Thursday, December 7, 2023

Education foundation provides grant funding to teachers

Julie Brown - Special Writer

Brandi Smith sees inequities among area school districts in classroom funding. It is her job to help address that situation.

“It's such a foundation of what a community is,” the Canton Township resident said of school districts. Since this past January, her focus has been the Wayne-Westland Foundation for the Improvement of Instruction. Both a golf outing and a wine event draw business support, allowing the foundation to distribute grants to Wayne-Westland teachers for classroom use. One example? Tablets for kids who can't communicate.

“That is really just giving students greater opportunity,” the foundation executive director said of the $15,000 in grants awarded last spring. “I feel like this next year is going to continue to grow. It made me so excited and proud..”

The foundation origins go back to around 1980 and it was “revived” about five years ago, “so we can do more for the Wayne-Westland community,” said Maria Mitter, a school district staffer and Westland Rotary co-president. Mitter recently invited Smith to share foundation success with Rotarians.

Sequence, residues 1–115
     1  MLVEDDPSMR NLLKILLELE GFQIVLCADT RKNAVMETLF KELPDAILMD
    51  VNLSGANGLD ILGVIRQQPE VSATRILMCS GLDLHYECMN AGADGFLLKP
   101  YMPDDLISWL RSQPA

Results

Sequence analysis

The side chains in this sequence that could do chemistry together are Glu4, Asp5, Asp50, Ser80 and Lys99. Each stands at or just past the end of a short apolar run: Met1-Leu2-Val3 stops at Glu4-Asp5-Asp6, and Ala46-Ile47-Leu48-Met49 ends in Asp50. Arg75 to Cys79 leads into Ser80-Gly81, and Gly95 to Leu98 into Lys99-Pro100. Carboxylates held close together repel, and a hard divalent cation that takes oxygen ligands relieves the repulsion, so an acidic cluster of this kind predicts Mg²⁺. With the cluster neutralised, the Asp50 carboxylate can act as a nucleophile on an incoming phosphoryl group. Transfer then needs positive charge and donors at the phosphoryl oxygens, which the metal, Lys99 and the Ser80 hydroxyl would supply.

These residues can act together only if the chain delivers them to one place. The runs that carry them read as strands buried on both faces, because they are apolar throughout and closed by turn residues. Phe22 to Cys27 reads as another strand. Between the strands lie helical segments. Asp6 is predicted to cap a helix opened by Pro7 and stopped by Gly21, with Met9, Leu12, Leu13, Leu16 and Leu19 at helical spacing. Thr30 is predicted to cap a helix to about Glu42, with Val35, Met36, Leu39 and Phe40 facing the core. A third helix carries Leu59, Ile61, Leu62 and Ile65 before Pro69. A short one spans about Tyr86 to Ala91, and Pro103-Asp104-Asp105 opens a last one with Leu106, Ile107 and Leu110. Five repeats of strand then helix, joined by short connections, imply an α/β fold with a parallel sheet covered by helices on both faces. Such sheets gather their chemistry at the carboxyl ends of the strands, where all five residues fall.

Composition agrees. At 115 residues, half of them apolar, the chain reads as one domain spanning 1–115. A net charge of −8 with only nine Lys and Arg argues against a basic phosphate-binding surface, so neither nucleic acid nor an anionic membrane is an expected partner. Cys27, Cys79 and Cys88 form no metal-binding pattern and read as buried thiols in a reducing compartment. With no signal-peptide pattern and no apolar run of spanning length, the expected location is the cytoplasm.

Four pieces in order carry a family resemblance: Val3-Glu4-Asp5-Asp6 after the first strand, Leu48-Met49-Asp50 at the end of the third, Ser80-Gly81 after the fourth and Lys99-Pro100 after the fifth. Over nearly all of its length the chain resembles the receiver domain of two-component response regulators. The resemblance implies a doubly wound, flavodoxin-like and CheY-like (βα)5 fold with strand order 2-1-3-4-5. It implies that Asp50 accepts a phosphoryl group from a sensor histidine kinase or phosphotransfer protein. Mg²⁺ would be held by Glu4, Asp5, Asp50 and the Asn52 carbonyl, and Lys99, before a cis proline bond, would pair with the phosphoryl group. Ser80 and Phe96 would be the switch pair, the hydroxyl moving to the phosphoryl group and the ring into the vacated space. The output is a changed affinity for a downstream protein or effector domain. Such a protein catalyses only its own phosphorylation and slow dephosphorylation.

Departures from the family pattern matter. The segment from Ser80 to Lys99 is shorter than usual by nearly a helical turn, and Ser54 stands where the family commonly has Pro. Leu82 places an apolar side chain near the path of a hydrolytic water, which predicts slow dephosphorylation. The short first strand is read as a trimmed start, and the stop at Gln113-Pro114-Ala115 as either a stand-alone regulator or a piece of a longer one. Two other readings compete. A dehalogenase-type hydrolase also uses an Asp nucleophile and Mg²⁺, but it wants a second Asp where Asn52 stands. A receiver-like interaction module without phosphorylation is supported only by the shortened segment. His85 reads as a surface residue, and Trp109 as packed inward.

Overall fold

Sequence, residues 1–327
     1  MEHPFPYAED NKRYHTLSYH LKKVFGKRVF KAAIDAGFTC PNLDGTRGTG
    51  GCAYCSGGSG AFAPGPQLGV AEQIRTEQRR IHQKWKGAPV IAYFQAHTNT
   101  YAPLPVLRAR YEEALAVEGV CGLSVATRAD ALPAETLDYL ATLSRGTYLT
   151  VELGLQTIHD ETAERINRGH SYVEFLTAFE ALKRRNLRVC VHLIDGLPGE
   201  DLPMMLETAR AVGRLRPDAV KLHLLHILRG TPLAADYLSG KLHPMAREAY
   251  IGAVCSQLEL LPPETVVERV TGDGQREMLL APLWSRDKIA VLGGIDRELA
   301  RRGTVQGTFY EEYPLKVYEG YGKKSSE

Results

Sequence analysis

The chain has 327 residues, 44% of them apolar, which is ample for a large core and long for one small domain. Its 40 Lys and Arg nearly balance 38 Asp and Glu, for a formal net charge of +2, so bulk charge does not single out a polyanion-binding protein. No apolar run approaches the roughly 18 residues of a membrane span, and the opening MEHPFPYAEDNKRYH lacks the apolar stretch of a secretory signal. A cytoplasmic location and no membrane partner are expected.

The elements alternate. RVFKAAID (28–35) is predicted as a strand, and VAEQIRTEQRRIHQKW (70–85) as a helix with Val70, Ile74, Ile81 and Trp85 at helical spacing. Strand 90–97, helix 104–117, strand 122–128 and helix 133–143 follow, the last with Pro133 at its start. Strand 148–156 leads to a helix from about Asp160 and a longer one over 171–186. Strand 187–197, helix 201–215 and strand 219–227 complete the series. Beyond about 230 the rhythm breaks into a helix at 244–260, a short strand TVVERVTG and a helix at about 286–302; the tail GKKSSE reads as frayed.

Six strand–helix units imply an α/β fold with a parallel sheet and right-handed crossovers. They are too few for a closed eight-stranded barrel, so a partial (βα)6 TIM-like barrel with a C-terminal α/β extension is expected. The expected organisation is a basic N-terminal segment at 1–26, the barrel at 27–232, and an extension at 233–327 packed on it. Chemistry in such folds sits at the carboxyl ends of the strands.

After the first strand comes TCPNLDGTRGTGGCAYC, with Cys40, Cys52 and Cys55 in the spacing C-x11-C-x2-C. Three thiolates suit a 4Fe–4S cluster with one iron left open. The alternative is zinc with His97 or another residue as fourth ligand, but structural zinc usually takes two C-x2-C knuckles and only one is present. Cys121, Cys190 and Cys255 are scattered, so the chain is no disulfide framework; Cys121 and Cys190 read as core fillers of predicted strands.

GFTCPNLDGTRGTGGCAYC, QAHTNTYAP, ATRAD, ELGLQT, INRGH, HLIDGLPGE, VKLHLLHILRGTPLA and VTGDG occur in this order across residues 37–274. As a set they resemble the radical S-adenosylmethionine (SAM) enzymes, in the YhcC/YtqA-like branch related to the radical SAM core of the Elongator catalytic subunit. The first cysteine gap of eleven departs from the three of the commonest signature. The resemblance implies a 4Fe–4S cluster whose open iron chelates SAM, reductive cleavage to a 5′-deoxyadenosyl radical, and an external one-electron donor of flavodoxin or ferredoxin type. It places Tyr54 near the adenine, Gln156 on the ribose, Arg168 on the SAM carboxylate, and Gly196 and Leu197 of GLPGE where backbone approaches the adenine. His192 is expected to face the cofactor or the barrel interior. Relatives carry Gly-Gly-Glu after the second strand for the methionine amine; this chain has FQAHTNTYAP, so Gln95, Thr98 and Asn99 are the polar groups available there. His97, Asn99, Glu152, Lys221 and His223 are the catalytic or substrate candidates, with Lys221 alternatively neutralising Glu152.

The Wayne-Westland district is in a budget shortfall of some $17 million , although that's separate from foundation work which receives business support. 

Smith is a John Glenn High School graduate and recalled her own school days: “We didn't have to worry about bringing pencils and crayons.”

She earned a bachelor's degree from Eastern Michigan University and raised a family, including a child who's also a Glenn graduate.

“There was a need and it just kind of worked,” Smith said of the foundation. Twice a year, district teachers apply for grants. One social studies teacher received supplies to create an escape room, a popular trend.

“For teachers who want to do something really innovative, the foundation was founded,” Mitter said. 

Each grant can be as much as $1,000. The program is separate from the district Family Resource Center, which assists low-income families, in that it is more “classroom-oriented.”

Smith has seen greater opportunity in Plymouth-Canton district and others, and believes Wayne-Westland students count, too.  “Every kid deserves equality in education,” she concluded.

The Wayne-Westland Foundation for the Improvement of Instruction is online at